17 July 2012

Writers in Churches in Nottinghamshire #9: Dean / Samuel Reynolds Hole in Caunton

This image is from Dean Hole's (or Samuel Reynolds Hole's) autobiographical Then and Now (London: Hutchinson, 1901). Hole was a man of the church, although he was perhaps known as much by the broader general public as 'The Rose King', one of his extra-clerical interests being horticulture, especially roses.

His grave in Caunton is one of the first things seen on nearing the south porch of the parish church of St Andrew.

1850 – 1587
1887 – 1904
BORN DEC: 5 1819
DIED AUG: 27 1904'

Hole, therefore, was vicar at Caunton for 37 years and his name is remembered in a number of places in the church, such as in this brass plaque in the middle of the altar step:

'To beautify the place of
The Altar,
at which he served as a Priest,
and in memory of his Father and Mother,
who there received the
Bread of Life.
Samuel Reynolds Hole,
Vicar of Caunton,
erected this Window,
A. D. 1872.'

This is not the above mentioned east window, but the splendid west window dedicated to Hole himself, and I was very lucky to see it not in its restricted and distant ground floor aspect, but to climb to the first floor via the normally locked door to see the sight in its full glory: I am very grateful to the man who showed me up there, and only regret that I didn't ask his name so I can mention it here.

The left light shows Saint Elizabeth of Hungary with roses and lilies.

The central light shows Saint Andrew with a book.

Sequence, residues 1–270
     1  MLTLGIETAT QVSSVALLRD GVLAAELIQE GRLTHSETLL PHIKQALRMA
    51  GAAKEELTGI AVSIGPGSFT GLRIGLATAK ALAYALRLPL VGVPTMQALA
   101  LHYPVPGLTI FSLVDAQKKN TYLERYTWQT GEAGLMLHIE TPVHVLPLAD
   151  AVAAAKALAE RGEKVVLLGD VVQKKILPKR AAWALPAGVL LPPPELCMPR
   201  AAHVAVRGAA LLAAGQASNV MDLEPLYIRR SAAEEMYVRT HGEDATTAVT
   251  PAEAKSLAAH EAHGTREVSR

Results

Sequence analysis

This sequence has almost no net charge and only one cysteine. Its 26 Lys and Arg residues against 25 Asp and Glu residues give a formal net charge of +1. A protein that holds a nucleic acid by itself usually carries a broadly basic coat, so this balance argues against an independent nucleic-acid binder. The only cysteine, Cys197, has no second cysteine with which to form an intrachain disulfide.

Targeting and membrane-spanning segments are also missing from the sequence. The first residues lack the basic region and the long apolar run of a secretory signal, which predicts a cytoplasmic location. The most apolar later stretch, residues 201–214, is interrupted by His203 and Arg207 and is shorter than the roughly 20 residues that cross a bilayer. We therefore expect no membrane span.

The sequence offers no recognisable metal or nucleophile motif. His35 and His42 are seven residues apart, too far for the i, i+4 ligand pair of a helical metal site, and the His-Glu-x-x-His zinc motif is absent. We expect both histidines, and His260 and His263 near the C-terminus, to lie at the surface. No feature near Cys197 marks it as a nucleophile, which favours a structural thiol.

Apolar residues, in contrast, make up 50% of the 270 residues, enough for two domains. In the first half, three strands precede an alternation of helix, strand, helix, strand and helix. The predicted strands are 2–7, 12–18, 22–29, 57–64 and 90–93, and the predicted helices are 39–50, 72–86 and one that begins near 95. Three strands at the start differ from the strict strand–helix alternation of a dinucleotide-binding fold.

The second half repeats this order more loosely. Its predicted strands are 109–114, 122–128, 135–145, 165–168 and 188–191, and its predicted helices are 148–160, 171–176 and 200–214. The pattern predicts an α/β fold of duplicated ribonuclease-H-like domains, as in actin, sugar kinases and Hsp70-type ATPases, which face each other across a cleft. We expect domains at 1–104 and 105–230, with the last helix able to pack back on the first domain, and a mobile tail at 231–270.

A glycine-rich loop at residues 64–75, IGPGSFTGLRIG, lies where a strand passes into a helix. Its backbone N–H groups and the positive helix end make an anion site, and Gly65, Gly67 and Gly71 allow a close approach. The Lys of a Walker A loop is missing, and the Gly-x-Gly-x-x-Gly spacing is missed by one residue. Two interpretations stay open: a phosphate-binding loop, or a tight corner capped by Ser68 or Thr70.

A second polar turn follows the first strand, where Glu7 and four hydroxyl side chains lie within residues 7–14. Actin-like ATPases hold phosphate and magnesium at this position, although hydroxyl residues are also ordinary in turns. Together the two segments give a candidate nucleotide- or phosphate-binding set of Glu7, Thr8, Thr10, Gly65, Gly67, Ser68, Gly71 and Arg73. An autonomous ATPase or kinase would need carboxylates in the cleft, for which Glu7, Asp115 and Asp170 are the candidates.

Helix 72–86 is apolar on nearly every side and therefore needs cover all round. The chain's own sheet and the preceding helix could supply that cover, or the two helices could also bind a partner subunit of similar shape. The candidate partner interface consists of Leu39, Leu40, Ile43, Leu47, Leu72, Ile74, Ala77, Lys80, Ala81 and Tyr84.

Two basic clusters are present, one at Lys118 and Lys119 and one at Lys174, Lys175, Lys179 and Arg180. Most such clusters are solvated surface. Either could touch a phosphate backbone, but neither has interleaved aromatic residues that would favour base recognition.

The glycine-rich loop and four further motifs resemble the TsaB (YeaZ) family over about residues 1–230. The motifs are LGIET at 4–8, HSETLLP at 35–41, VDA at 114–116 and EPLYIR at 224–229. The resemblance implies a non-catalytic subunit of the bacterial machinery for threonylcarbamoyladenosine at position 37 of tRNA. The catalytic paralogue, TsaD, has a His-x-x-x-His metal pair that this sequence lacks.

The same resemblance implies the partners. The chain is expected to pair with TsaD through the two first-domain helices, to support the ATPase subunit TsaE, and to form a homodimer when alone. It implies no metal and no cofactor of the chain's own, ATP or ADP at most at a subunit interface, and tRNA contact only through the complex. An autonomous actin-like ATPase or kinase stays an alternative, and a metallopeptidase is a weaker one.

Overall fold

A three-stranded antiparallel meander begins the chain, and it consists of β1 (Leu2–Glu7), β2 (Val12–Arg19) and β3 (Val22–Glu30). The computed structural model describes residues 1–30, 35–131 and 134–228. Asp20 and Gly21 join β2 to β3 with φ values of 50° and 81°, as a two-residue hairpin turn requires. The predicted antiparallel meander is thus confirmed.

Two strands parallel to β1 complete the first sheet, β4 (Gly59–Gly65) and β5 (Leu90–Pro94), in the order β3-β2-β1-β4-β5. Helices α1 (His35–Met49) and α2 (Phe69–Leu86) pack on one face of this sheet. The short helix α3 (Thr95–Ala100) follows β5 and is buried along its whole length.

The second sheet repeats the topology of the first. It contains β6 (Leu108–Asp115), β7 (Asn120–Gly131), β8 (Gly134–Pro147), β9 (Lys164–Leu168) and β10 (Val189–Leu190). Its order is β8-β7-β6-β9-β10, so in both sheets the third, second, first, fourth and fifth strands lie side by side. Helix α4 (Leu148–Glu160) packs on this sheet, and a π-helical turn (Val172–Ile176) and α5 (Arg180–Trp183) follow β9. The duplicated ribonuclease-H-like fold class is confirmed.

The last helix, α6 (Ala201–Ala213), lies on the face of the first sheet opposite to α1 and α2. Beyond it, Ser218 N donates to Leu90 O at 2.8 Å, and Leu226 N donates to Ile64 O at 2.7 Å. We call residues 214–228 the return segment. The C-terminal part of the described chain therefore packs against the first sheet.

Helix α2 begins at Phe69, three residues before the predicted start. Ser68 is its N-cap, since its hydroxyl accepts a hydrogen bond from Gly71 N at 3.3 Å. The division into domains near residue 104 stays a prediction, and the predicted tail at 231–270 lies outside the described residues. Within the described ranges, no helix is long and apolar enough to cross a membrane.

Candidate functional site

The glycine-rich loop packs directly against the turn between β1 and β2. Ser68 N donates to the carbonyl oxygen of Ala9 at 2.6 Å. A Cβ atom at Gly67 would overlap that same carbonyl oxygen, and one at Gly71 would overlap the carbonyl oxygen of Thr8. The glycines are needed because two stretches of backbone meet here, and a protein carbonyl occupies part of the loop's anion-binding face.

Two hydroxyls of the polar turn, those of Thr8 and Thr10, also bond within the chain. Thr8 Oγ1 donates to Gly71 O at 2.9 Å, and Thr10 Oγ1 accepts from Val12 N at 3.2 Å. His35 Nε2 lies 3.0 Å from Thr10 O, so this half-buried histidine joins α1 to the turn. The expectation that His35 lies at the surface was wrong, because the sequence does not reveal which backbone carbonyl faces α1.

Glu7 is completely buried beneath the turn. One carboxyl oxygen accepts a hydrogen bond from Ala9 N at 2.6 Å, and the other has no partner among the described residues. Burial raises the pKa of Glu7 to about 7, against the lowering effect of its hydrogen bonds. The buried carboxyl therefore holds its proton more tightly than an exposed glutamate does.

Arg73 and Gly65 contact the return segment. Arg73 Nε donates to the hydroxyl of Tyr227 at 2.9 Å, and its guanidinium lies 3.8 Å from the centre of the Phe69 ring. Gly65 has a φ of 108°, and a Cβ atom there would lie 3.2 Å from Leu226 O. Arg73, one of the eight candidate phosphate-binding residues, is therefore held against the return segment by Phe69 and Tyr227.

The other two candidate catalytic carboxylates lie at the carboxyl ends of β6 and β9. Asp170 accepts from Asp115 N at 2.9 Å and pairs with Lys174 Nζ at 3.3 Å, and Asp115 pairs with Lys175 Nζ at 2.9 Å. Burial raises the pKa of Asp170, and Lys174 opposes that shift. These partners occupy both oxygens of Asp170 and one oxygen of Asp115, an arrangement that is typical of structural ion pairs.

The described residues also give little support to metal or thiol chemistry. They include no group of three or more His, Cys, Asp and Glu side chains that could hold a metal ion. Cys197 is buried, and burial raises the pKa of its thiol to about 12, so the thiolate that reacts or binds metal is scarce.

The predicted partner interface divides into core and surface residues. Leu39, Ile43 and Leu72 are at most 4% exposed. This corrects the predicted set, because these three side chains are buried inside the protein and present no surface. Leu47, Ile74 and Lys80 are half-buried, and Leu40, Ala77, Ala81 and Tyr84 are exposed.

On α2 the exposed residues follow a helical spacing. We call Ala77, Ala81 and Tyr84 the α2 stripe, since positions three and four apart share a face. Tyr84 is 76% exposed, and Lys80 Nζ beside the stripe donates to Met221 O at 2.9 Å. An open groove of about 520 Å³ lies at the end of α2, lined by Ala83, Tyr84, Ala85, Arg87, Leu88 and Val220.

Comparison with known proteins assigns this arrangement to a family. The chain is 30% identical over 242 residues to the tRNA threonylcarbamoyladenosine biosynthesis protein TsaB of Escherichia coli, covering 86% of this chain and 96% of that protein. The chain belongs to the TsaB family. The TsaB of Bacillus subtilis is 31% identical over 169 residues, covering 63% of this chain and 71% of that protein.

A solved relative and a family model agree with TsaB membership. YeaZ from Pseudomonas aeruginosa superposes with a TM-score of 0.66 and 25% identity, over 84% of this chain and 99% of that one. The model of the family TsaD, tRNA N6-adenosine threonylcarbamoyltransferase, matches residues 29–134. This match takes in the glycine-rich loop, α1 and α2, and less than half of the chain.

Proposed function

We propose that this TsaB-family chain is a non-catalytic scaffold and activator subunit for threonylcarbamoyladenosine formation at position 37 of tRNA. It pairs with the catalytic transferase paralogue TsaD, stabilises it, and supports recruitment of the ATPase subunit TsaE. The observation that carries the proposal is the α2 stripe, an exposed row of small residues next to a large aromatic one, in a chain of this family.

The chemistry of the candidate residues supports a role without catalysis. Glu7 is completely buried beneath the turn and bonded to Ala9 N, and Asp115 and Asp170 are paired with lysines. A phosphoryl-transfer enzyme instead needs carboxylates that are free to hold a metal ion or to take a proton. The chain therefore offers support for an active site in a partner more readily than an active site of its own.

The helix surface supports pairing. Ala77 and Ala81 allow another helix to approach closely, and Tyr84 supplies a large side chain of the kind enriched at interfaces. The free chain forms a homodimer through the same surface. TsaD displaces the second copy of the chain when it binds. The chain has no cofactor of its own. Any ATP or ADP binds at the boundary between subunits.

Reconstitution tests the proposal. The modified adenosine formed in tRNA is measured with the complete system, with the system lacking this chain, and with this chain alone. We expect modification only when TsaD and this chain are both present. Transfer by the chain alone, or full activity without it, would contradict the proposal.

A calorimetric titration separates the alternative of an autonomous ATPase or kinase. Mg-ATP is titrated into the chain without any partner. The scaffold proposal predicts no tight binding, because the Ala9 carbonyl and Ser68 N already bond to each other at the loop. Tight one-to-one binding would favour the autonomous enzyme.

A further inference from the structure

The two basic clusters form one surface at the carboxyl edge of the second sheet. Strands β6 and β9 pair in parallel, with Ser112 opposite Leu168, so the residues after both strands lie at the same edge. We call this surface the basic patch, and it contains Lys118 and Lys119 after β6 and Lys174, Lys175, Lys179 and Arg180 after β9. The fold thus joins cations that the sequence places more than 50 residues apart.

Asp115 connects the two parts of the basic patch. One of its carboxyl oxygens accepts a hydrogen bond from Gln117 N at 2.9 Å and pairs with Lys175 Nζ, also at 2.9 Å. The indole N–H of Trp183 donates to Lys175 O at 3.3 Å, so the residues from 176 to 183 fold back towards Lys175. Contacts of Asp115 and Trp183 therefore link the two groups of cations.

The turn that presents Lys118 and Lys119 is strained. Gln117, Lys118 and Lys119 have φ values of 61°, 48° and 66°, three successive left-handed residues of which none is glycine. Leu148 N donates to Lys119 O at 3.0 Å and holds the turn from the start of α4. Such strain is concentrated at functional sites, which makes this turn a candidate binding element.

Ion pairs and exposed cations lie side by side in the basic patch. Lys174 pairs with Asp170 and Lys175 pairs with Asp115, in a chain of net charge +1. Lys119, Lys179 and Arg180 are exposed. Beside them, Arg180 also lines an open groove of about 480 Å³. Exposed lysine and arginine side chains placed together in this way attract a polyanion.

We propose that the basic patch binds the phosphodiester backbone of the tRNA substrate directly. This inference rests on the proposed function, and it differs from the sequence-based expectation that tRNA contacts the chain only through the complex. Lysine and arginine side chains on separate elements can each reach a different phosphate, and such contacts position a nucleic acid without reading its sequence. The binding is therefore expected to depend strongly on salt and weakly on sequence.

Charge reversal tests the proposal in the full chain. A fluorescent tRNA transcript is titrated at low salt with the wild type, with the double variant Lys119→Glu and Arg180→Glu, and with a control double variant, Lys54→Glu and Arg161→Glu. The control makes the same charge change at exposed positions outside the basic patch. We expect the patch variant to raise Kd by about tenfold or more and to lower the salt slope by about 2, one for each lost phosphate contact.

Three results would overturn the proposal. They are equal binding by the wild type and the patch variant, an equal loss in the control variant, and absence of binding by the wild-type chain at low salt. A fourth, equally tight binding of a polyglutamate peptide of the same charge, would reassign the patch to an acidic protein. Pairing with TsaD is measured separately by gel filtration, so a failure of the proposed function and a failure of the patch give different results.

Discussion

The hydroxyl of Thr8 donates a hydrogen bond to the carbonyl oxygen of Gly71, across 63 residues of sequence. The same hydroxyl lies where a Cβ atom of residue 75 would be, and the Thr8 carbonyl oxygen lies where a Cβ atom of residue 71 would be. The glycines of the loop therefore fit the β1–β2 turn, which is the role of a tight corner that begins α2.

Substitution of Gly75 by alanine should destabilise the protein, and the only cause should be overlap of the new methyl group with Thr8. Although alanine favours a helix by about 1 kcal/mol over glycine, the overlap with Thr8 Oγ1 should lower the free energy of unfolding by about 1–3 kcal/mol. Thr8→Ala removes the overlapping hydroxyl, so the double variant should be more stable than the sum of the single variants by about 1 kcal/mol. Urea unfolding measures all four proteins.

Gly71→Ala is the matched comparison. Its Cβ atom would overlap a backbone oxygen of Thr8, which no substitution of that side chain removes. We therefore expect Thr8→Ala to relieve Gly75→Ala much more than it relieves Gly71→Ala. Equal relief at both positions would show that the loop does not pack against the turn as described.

And on the right is Saint Dorothy with roses again, and an apple.

At the top of the central light is the quotation 'The desert shall rejoice and blossom as the rose' (Isaiah 35: 1).

At the bottom of the window, and across the three lights: 'To the glory of God and in loving memory of Samuel Reynolds Hole DD many years vicar of this church and late Dean of Rochester this window is offered by parishioners and friends 1905'.

Moving away from Dean Hole now, my guide then led me up another flight of narrowing steps to another room where there was an amazing piece of clockwork: made by J. B. Joyce of Whitchurch (a name since absorbed into Smiths of Derby) and dated 1888, the clock is now powered by electricity.

Briefly back to Dean Hole before I wind this post up: he dedicated this window in the south wall of the chancel to his friend and fellow traveller the Punch cartoonist John Leech, although there was no way I could find the brass plate saying so. Who cares: this was a wonderful visit, and thank you so much!

(I visited this church because of the Diocese of Southwell & Nottingham's Open Churches Weekends (Saturday and Sunday 14 and 15 July and 21 and 22 July 2012). Details of participating churches and opening times are listed here.)

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